What injections or infusions are available for psoriasis?
The newest category of psoriasis drugs are called biologics, because they are produced by living cells. They are all proteins and therefore must be administered through the skin. All biologics work by suppressing certain specific portions of the immune inflammatory response that are overactive in psoriasis. Available biologic drugs include adalimumab (Humira), infliximab (Remicade), etanercept (Enbrel), ustekinumab (Stelara), secukinumab (Cosentyx), and ixekizumab (Taltz). Newer drugs are in development and no doubt will be available in the near future. As this class of drugs is fairly new, ongoing monitoring and adverse effect reporting continues and long-term safety continues to be monitored. Biologics are all comparatively expensive especially in view of the fact they none of them are curative. Recently, the FDA has attempted to address this problem by permitting the use of “biosimilar” drugs. These drugs are structurally identical to a specific biologic drug and are presumed to produce identical therapeutic responses in human beings to the original, but are produced using different methodology. Biosimilars ought to be available at some fraction of the cost of the original. If this will be an effective approach remains to be seen. The only biosimilar available currently is infliximab (Inflectra). Two other biosimilar drugs have been accepted by the FDA, an etanercept equivalent (Erelzi) and an adalimumab equivalent (Amjevita) — but currently, neither are available.
Some biologics are to be administered by self-injections for home use while others are given by intravenous infusions in the doctor’s office. Biologics have some screening requirements such as a tuberculosis screening test (TB skin test or PPD test) and other labs prior to starting therapy. As with any drug, side effects are possible with all biologic drugs. Common potential side effects include mild local injection-site reactions (redness and tenderness). There is concern of serious infections and potential malignancy with nearly all biologic drugs. Precautions include patients with known or suspected hepatitis B infection, active tuberculosis, and possibly HIV/AIDS. As a general consideration, these drugs may not be an ideal choice for patients with a history of cancer and patients actively undergoing cancer therapy. In particular, there may be an increased association of lymphoma in patients taking a biologic.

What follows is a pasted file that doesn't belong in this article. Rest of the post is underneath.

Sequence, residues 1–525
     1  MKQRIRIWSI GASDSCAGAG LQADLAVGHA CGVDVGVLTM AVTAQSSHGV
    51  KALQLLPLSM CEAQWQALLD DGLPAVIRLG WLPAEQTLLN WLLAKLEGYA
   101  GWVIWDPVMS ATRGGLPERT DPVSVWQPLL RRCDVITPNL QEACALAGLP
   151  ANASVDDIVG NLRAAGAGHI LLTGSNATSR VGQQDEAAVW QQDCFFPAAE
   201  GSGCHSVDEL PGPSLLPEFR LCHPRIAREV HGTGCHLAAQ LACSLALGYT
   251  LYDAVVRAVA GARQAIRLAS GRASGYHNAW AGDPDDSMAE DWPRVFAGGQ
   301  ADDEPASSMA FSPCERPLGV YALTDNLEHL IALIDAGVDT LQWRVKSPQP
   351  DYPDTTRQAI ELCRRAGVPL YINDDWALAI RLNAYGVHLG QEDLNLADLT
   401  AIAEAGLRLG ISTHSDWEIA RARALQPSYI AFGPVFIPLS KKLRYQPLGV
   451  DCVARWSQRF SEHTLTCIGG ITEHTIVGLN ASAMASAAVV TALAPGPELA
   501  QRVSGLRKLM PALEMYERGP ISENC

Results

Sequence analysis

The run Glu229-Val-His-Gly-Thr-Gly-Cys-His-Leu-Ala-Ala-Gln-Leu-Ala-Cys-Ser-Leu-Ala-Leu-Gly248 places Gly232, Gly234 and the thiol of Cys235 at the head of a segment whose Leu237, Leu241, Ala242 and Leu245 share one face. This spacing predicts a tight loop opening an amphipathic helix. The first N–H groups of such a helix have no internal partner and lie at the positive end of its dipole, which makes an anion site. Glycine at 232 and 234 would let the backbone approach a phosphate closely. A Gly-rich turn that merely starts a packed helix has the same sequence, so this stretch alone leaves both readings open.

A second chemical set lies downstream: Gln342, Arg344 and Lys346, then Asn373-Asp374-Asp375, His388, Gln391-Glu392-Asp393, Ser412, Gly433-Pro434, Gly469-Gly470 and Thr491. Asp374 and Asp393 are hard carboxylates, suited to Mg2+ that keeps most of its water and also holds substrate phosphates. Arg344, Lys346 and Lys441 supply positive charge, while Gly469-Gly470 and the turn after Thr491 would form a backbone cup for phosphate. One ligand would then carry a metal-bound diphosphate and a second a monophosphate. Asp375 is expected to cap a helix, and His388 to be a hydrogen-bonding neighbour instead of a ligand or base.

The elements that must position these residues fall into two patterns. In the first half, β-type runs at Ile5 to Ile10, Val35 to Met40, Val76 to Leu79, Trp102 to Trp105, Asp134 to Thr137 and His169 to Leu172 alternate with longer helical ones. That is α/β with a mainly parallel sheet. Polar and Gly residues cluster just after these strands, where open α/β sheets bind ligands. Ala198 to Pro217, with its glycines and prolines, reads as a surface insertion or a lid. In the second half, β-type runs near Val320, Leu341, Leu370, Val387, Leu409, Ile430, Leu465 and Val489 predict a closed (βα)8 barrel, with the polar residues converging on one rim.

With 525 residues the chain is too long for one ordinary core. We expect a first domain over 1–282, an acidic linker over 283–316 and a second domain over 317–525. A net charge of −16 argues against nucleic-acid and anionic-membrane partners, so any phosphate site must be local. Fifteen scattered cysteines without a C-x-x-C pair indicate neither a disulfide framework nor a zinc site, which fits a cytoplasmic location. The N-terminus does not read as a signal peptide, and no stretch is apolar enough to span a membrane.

Biologics are expensive medications ranging in price from several to tens of thousands of dollars per year per person. Their use may be limited by availability, cost, and insurance approval. Not all insurance drug plans may fully cover these drugs for all conditions. Patients need to check with their insurance and may require a prior authorization request for coverage approval. Some of the biologic manufacturers have patient-assistance programs to help with financial issues. Therefore, choice of the right medication for your condition depends on many factors, not all of them medical. Additionally, convenience of receiving the medication and lifestyle may the choice of the right biologic medication.
Currently, the main classes of biologic drugs for psoriasis are
TNF blockers include etanercept (Enbrel), infliximab (Remicade), and adalimumab (Humira). TNF-alpha blocking drugs may have an advantage of treating psoriatic arthritis and psoriasis skin disease. Their disadvantage is that some patients may notice a decrease in the effectiveness of TNF-alpha blocking drugs over months to years.
TNF blockers are generally not used in patients with demyelinating (neurological) diseases like multiple sclerosis, congestive heart failure, or patients with severe overall low blood counts called pancytopenia.
The major side effect of this class of drugs is suppression of the immune system. Because of the increased risk of infections while on these drugs, patients should promptly report fevers or signs of infection to their health care providers. Other side effects have included autoimmune conditions like lupus or flares in lupus. Additionally, it is best to avoid any live vaccines while using TNF blockers.